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Undesirable Global Cache Statistics

Oracle RAC Cluster Tips by Burleson Consulting

This is an excerpt from the bestselling book Oracle Grid & Real Application Clusters.  To get immediate access to the code depot of working RAC scripts, buy it directly from the publisher and save more than 30%.


The following are undesirable statistics or statistics for which the values should always be as near to zero as possible:

* global cache blocks lost: This statistic shows block losses during transfers. High values indicate network problems. The use of an unreliable IPC protocol such as UDP may result in the value for global cache blocks lost being non-zero. When this occurs, take the ratio of global cache blocks lost divided by global cache current blocks served plus global cache cr blocks served. This ratio should be as small as possible. Many times, a non-zero value for global cache blocks lost does not indicate a problem because Oracle will retry the block transfer operation until it is successful.

* global cache blocks corrupt: This statistic shows if any blocks were corrupted during transfers. If high values are returned for this statistic, there is probably an IPC, network, or hardware problem.

An example SELECT to determine if further examination is needed would be:

SELECT
      A.VALUE "GC BLOCKS LOST 1",
      B.VALUE "GC BLOCKS CORRUPT 1",
      C.VALUE "GC BLOCKS LOST 2",
      D.VALUE "GC BLOCKS CORRUPT 2"
FROM GV$SYSSTAT A, GV$SYSSTAT B, GV$SYSSTAT C, GV$SYSSTAT D
WHERE A.INST_ID=1 AND A.NAME='gc blocks lost'
  AND B.INST_ID=1 AND B.NAME='gc blocks corrupt'
  AND C.INST_ID=2 AND C.NAME='gc blocks lost'
  AND D.INST_ID=2 AND D.NAME='gc blocks corrupt';

A sample result from the above select should look like the following:

GC BLOCKS LOST 1 GC BLOCKS CORRUPT 1 GC BLOCKS LOST 2 GC BLOCKS CORRUPT 2
---------------- ------------------- ---------------- -------------------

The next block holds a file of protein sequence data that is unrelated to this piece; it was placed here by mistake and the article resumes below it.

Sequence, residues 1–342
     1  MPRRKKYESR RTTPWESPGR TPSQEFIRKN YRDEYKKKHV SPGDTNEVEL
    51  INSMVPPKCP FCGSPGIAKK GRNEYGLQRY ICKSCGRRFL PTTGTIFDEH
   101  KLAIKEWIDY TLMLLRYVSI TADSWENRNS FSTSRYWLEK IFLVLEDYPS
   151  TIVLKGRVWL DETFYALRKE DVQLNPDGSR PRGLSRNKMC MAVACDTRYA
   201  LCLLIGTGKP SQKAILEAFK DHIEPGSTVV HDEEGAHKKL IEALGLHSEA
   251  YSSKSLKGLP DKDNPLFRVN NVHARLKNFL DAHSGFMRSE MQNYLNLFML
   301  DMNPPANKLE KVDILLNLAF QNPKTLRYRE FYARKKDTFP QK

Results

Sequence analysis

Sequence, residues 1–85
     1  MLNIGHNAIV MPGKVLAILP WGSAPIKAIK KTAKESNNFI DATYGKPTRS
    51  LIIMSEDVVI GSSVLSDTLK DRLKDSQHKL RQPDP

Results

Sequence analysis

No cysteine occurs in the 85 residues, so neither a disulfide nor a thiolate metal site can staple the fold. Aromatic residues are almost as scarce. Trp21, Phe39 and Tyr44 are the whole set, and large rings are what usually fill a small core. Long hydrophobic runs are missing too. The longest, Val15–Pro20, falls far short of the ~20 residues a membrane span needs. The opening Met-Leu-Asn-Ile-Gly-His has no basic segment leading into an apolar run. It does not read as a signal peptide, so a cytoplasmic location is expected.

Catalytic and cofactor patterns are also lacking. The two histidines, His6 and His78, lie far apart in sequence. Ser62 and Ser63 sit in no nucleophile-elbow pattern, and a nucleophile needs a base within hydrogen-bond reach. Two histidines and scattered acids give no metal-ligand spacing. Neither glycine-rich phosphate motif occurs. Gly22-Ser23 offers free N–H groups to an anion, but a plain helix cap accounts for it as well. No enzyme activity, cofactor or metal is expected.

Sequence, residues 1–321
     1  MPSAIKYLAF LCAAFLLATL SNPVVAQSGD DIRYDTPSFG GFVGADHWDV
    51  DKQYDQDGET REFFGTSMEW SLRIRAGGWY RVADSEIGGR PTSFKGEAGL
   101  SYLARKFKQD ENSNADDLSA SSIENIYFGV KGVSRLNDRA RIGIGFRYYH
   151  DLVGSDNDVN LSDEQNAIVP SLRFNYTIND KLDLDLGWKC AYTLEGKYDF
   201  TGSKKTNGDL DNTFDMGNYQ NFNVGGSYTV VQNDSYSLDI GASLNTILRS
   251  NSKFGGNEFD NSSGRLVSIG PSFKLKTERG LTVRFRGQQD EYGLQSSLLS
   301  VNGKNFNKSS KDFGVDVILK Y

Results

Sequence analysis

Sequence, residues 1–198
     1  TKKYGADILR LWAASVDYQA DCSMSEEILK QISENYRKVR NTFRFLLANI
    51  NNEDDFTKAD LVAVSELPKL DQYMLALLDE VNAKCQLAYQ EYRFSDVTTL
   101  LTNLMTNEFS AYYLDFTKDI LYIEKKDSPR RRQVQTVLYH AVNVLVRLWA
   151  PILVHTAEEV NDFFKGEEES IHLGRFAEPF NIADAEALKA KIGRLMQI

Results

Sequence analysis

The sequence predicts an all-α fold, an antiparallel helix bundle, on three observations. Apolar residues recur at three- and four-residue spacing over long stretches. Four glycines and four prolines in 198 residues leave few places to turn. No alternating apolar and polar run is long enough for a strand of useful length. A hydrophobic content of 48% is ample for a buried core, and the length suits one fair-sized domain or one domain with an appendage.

0                   0              652                   0

In this result, instance 2 is showing some problems with lost blocks, so it might be useful to look at the ratio described above:

SELECT A.INST_ID "INSTANCE", A.VALUE "GC BLOCKS LOST",
B.VALUE "GC CUR BLOCKS SERVED",
C.VALUE "GC CR BLOCKS SERVED",
A.VALUE/(B.VALUE+C.VALUE) RATIO
FROM GV$SYSSTAT A, GV$SYSSTAT B, GV$SYSSTAT C
WHERE A.NAME='gc blocks lost' AND
      B.NAME='gc current blocks served' AND
      C.NAME='gc cr blocks served' and
      B.INST_ID=a.inst_id AND
      C.INST_ID = a.inst_id;

  Instance gc blocks lost gc cur blocks served gc cr blocks served      RATIO
---------- -------------- -------------------- ------------------- ----------
         1              0                 3923                2734          0
         2            652                 3008                4380 .088251218

The question now becomes, how small is "as small as possible"? In this example, database instance one takes 22 seconds to perform a series of tests and instance two takes 25 minutes.

Investigation showed that the TCP receive and send buffers on instance two were set at 64K. Since this is an 8k-block size instance with a db_file_multiblock_read_count of 16, this was causing excessive network traffic because the system was using full table scans resulting in a read of 128K. In addition, the actual TCP buffer area was set to a small number. Setting these values for the TCP receive and send buffers is an operating specific operation. DBA?s should talk this over with the system operator or check out:

http://www.psc.edu/networking/perf_tune.html

The following section covers example commands for various operating systems.

DEC Alpha (Digital UNIX)

$ dbx -k /vmunix
(dbx) assign sb_max = (u_long) 524288
(dbx) patch sb_max = (u_long) 524288

The first command changes the value for the operating system and the second patches the value into the kernel so it will not be lost at the next reboot. mbclusters can be modified to at least 832, and the kernel variables tcp_sendspace and tcp_recvspace cam also be modified in this manner. Under version 4.0, use the sysconfig -r inet <variable> <value> command to do this type of modification.

 


This is an excerpt from the bestselling book Oracle Grid & Real Application Clusters, Rampant TechPress, by Mike Ault and Madhu Tumma.

You can buy it direct from the publisher for 30%-off and get instant access to the code depot of Oracle tuning scripts.

http://www.rampant-books.com/book_2004_1_10g_grid.htm


 

 
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Note: This Oracle documentation was created as a support and Oracle training reference for use by our DBA performance tuning consulting professionals.  Feel free to ask questions on our Oracle forum.

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